In response to a set of questions about the dispute, Sipho Showa – BBS Board Secretary and Head of Marketing and Communications – said BBS and REAC interact regularly on matters of mutual interest and have had discussions on the fees paid to Property Valuers engaged by the BBS from time to time. "Therefore, both parties have since come to an agreement on rates to be charged by members of REAC engaged by BBS," he said.
BBS was established in 1976 under the Building Society’s Act, with a vision to be the premier provider of property finance and attractive investment returns in Botswana. It is one of the few indigenous institutions that provide property finance in Botswana. The Society offers ordinary loans, building loans, commercial loans, industrial loans and equity/ further advance. The Society offers a range of Mortgage Loans at interest rates of 10.8% for the variable rate mortgage and 11.35% for the floating rate mortgage. The maximum repayment period for individual borrowers is 15 years on the Variable Mortgage Bond and 30 years on the Floating Rate Mortgage.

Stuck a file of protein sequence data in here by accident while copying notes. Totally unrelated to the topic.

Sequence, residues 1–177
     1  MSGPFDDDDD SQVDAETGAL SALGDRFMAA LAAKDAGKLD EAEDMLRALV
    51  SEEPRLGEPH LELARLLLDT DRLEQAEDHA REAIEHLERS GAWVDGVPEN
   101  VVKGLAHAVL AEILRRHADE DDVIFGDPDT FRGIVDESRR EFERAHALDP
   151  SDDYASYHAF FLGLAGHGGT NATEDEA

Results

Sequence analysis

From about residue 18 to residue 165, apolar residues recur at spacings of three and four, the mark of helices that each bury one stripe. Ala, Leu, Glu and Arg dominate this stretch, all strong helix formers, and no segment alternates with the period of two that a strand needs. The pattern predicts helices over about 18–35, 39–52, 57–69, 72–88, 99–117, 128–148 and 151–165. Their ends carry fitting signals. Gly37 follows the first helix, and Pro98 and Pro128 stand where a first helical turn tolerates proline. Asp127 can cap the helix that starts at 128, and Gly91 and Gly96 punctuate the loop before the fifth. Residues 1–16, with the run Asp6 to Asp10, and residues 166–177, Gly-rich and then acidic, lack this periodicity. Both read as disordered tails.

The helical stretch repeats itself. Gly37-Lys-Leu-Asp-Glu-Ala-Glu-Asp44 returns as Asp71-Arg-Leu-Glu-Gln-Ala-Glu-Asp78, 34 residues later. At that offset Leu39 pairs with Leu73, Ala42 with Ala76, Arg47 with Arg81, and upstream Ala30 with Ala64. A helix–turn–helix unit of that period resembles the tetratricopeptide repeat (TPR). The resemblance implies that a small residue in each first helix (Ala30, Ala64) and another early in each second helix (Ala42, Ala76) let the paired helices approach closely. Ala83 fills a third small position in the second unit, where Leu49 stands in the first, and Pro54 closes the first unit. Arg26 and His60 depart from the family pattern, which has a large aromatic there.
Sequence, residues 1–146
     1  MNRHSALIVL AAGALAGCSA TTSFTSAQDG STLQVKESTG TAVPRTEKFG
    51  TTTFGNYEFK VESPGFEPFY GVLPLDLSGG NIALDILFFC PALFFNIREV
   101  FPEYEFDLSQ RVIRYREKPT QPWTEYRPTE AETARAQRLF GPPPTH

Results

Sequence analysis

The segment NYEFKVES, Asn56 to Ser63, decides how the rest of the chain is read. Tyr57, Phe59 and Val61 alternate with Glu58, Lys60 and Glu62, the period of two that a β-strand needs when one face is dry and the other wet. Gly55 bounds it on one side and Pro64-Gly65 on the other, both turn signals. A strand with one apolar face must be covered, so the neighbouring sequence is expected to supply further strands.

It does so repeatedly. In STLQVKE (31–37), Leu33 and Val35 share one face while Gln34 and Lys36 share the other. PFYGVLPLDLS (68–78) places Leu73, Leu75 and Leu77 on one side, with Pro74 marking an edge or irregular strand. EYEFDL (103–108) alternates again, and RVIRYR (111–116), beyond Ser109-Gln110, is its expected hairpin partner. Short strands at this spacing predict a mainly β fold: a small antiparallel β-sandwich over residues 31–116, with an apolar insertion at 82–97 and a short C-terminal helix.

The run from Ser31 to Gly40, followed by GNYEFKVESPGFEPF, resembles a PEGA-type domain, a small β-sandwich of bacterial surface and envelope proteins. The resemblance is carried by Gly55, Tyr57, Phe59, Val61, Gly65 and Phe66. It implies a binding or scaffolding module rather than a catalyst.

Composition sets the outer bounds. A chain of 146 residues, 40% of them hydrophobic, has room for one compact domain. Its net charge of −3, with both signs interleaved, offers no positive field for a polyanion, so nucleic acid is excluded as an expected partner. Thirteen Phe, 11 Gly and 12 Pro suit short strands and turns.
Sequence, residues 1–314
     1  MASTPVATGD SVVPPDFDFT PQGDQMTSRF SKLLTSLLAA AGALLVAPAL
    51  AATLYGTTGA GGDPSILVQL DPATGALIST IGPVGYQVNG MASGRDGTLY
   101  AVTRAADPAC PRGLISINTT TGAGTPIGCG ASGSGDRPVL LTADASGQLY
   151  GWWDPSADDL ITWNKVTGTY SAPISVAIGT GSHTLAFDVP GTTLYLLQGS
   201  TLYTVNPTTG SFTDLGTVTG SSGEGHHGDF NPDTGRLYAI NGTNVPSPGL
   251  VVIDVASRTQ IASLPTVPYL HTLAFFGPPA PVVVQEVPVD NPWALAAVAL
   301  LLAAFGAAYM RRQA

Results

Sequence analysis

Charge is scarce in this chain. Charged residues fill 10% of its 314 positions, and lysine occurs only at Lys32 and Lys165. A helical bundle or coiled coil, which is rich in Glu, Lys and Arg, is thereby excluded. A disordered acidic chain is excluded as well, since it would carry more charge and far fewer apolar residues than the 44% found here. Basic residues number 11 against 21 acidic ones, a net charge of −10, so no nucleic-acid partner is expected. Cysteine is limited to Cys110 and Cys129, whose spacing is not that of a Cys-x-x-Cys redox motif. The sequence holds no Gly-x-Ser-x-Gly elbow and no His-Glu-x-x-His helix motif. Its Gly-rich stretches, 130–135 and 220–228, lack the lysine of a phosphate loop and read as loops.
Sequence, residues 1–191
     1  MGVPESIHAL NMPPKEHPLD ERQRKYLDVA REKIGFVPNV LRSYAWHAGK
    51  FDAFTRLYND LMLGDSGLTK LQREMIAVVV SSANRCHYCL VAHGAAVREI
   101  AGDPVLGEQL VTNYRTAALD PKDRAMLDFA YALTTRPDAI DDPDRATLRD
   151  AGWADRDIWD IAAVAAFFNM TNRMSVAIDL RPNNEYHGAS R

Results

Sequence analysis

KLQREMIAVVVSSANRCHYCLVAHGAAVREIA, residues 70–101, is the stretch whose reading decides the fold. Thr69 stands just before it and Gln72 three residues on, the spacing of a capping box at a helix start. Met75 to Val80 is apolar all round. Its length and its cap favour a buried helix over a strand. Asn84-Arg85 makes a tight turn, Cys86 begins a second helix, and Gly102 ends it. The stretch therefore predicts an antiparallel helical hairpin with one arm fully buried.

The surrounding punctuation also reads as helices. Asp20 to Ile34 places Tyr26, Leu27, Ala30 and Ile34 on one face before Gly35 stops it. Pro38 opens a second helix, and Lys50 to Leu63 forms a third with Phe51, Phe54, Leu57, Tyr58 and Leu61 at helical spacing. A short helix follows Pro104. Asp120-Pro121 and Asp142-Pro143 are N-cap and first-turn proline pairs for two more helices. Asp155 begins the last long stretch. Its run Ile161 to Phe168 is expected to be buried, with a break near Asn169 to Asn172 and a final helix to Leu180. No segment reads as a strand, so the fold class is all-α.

Upon establishment, BBS assets consisted of government stock of P200 000, advances of P2 505 000 and cash and investments amounting to P1 264 800. The advances comprised 488 mortgages taken over from the United Building Society of SA. The Society grew significantly and its reserves increased from only P2, 100 in March 1977 to just under P14 289 000 in March 2012. It currently has nine branches across Botswana. BBS has just completed a successful massive tour to consult shareholders throughout the country about an ambitious plan to apply for a commercial banking license, to expand operations.